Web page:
"If I proceed around the unit circle in steps of k radians do I ever hit the same point again, ie, after m steps do I move a multiple of 2pi? Or, does k exist such that m=2pik? Is pi rational? No. So I have a countably infinite number of points on the circle." With the obvious application of Cauchy to exprdess the limit
After the second underline you make the statement: we have that for every there exists an integer , such that...
You do not know that such an n exists for an arbitrary theta. You are doing the same thing that I have been complaining about all along, you are assuming that in a bounded infinite collection of distinct points, every point is a limit point. In such a situation all that Bolzano Weirstrass guarantees is the existence of a limit point, not that every point is a limit point. If you can't grasp that, then this discussion is indeed futile.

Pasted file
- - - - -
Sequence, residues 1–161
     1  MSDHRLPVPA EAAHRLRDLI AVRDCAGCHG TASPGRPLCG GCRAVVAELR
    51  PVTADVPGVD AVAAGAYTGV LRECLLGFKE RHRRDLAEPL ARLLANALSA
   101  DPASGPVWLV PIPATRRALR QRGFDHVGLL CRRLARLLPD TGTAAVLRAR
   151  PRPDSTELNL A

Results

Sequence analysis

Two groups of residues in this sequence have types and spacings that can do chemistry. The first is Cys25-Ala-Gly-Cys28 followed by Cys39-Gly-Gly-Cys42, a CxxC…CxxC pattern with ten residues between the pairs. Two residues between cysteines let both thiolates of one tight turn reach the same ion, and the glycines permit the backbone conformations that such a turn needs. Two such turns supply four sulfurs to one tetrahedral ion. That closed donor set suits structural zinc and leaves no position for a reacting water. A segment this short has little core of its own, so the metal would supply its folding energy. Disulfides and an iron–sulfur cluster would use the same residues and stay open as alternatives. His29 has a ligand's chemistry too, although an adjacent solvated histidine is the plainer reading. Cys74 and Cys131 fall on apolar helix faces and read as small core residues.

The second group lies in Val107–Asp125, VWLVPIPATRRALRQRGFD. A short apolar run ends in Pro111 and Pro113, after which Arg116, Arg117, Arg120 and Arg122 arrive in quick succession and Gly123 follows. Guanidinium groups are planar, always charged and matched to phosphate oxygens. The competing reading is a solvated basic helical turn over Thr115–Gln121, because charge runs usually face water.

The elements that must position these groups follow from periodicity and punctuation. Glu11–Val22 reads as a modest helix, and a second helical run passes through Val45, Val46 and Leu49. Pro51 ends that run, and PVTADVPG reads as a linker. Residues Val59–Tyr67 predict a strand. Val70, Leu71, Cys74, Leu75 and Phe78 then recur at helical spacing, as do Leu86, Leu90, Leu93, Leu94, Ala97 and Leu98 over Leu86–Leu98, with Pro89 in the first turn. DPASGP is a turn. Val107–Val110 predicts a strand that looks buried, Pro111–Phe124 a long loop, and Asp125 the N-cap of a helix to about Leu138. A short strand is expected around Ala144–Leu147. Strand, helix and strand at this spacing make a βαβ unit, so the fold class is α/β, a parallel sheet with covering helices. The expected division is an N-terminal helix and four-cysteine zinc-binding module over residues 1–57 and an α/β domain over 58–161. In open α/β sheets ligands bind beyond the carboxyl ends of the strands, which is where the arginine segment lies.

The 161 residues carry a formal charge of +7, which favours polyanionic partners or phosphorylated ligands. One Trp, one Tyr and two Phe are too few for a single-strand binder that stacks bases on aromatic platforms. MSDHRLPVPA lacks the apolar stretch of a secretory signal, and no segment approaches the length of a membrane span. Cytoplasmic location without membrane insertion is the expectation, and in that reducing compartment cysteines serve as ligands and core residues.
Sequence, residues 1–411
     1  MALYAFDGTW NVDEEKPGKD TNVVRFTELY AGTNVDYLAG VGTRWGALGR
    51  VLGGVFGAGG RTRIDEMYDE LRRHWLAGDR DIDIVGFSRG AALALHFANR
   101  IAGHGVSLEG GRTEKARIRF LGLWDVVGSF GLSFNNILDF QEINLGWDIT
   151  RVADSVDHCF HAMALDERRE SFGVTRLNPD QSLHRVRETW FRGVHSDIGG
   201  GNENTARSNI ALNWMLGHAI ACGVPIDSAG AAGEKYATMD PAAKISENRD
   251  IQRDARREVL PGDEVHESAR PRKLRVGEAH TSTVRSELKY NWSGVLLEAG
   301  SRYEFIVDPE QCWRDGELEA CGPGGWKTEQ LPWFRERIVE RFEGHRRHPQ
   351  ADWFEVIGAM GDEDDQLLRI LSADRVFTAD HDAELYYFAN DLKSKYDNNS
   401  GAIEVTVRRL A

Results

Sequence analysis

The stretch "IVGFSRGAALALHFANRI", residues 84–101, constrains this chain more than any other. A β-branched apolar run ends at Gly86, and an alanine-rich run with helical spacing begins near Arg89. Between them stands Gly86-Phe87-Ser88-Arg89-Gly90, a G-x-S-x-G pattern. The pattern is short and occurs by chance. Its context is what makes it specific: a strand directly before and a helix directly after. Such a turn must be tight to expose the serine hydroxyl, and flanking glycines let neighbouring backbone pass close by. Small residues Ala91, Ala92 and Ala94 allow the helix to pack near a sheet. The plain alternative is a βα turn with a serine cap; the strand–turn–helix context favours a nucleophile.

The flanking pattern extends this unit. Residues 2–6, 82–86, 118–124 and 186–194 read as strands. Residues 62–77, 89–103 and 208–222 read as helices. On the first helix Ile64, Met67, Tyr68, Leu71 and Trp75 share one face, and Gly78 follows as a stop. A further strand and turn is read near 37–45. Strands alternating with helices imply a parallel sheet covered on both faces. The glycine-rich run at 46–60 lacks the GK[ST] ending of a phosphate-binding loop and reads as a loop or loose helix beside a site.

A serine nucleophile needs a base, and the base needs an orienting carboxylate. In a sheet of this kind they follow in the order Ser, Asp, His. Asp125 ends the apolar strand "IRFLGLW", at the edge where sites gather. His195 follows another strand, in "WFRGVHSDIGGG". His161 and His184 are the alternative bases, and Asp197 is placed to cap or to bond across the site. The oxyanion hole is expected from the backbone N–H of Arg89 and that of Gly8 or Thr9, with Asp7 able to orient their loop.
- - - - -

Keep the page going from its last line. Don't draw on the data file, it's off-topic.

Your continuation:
(This post was particularly difficult because of the small edit box. Is there a way to enlarge it?)
EDIT: Whoops! Almost forgot. Thanks for taking the trouble to write out the above proof in more detail. Some of it was quite helpful